Let Us Tear Down the Berlin Walls of Today

The fall of the Berlin Wall will forever serve as reminder that a new beginning is always possible. (Flickr)
The fall of the Berlin Wall will forever serve as reminder that a new beginning is always possible. (Flickr)

EspañolOn several occasions I have written about walls and their increasing prominence in our lives. On November 9, however, we will bear witness to a special occasion: the 25th anniversary of the fall of the Berlin Wall — the “iconic emblem of fear and division,” in the words of the author Sonia Hirt.

As Chilean newspaper El Mercurio recently recounted, thousands of residents of East Germany arrived at the wall, and demanded passage into West Germany. Guards chose to turn a blind eye as sections of the wall were torn down in the celebration.

What a transcendent and exciting moment! Human determination and the realization of one of the most fundamental tenants of human existence all conspired in this momentous triumph of liberty: the opportunity to begin anew without walls, and the divisions and exclusions that come with them.

According to Hannah Arendt, one of the most celebrated thinkers of the 20th century, liberty is more than just a political end; it is also a “means.” Referring to liberty in this way means it is and should be a necessary condition for any political action, and a starting point for other healthy political objectives.

This is especially true when discussing liberty in the conventional sense — the type of liberty that Isaiah Berlin calls “negative liberty.” This is the freedom to express oneself, to move freely, to act without being impeded or restricted by external forces. This is why walls — which separate us from one another, making one side invisible to the other — must be viewed as inherently violent.

For Arendt, every new beginning, every act in recognition of the equal freedoms of others — including the expression of differences and inequalities that are a part of plurality — carries with it the possibility of a miracle.

At the heart of the concept of a miracle is our human and earthly precedence. This is why the angels in Wim Wenders’ masterpiece, Wings of Desire, fly over a divided Berlin and the “wall of shame” — compassionate, but helpless in their desperation to change the course of history. These heavenly beings, which only children in all of their innocence are able to see, understand that the key to all of history — and all of our individual histories — can only be found in imperfect and fragile human action.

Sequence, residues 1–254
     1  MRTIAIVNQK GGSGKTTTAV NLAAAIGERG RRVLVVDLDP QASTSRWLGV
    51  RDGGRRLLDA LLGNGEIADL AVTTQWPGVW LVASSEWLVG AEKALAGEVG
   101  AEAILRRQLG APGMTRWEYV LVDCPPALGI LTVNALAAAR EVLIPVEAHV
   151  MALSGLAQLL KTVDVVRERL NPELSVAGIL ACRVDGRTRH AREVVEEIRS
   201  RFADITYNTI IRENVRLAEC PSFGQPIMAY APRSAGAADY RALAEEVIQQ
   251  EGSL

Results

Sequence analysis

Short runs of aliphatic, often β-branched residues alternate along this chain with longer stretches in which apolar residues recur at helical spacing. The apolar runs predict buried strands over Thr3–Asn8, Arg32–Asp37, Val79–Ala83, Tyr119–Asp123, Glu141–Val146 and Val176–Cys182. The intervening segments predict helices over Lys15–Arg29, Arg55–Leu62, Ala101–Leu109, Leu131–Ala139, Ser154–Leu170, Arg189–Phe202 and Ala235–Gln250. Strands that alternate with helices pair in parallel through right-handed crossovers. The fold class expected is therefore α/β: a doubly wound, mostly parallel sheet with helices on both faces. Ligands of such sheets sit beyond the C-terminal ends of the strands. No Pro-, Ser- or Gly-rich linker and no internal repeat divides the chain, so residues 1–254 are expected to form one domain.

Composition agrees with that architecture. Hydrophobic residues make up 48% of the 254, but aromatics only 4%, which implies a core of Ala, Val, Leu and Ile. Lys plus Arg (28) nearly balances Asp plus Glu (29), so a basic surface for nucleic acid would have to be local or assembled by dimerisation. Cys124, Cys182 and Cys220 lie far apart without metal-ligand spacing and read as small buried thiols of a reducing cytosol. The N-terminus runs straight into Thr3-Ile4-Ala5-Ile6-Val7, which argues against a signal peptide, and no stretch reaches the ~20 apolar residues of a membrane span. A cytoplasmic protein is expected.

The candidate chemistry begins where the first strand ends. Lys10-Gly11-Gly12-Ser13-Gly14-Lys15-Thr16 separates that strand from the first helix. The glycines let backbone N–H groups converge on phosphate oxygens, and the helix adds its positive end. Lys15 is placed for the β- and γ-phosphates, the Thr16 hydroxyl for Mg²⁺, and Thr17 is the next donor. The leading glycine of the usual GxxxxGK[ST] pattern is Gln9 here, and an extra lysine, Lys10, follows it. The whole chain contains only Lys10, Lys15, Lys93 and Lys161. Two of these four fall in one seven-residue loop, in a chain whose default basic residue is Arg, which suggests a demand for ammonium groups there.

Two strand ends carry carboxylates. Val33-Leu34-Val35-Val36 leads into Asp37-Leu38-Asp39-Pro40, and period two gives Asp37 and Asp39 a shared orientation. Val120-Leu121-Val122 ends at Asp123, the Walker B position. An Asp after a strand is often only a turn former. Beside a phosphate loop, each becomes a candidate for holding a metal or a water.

When we choose to act together, embrace liberty, and share the world in which we live, we can be the authors of human miracles.

So, on the 25th anniversary of the miraculous fall of the Berlin Wall, I choose not to speak of material walls, but of the invisible and metaphorical walls that divide us along political, economic, cultural, and personal lines.

Despite the fact that this date coincides with the British Home Office’s decision to end the search-and-rescue mission for the migrants lost in the Mediterranean Sea, I have decided to not complain, but to write of the eternal possibility and opportunity to begin anew — to be the creators of human miracles, even when faced with world events that may make us doubt it.

This is my stance against nihilism, cynicism, and passivity. I propose the 25th anniversary of the fall of the Berlin Wall be more than just a solemn reminder, but something that inspires us to act in the pursuit of freedom, plurality, and a world we can all share.

Liberty is cultivated, renewed, and reaffirmed through our own commitment. Only through liberty can we rise to achieve the goals that await us on the horizon.

Translated by Peter Sacco and Alex Clark-Youngblood. Edited by Guillermo Jimenez.

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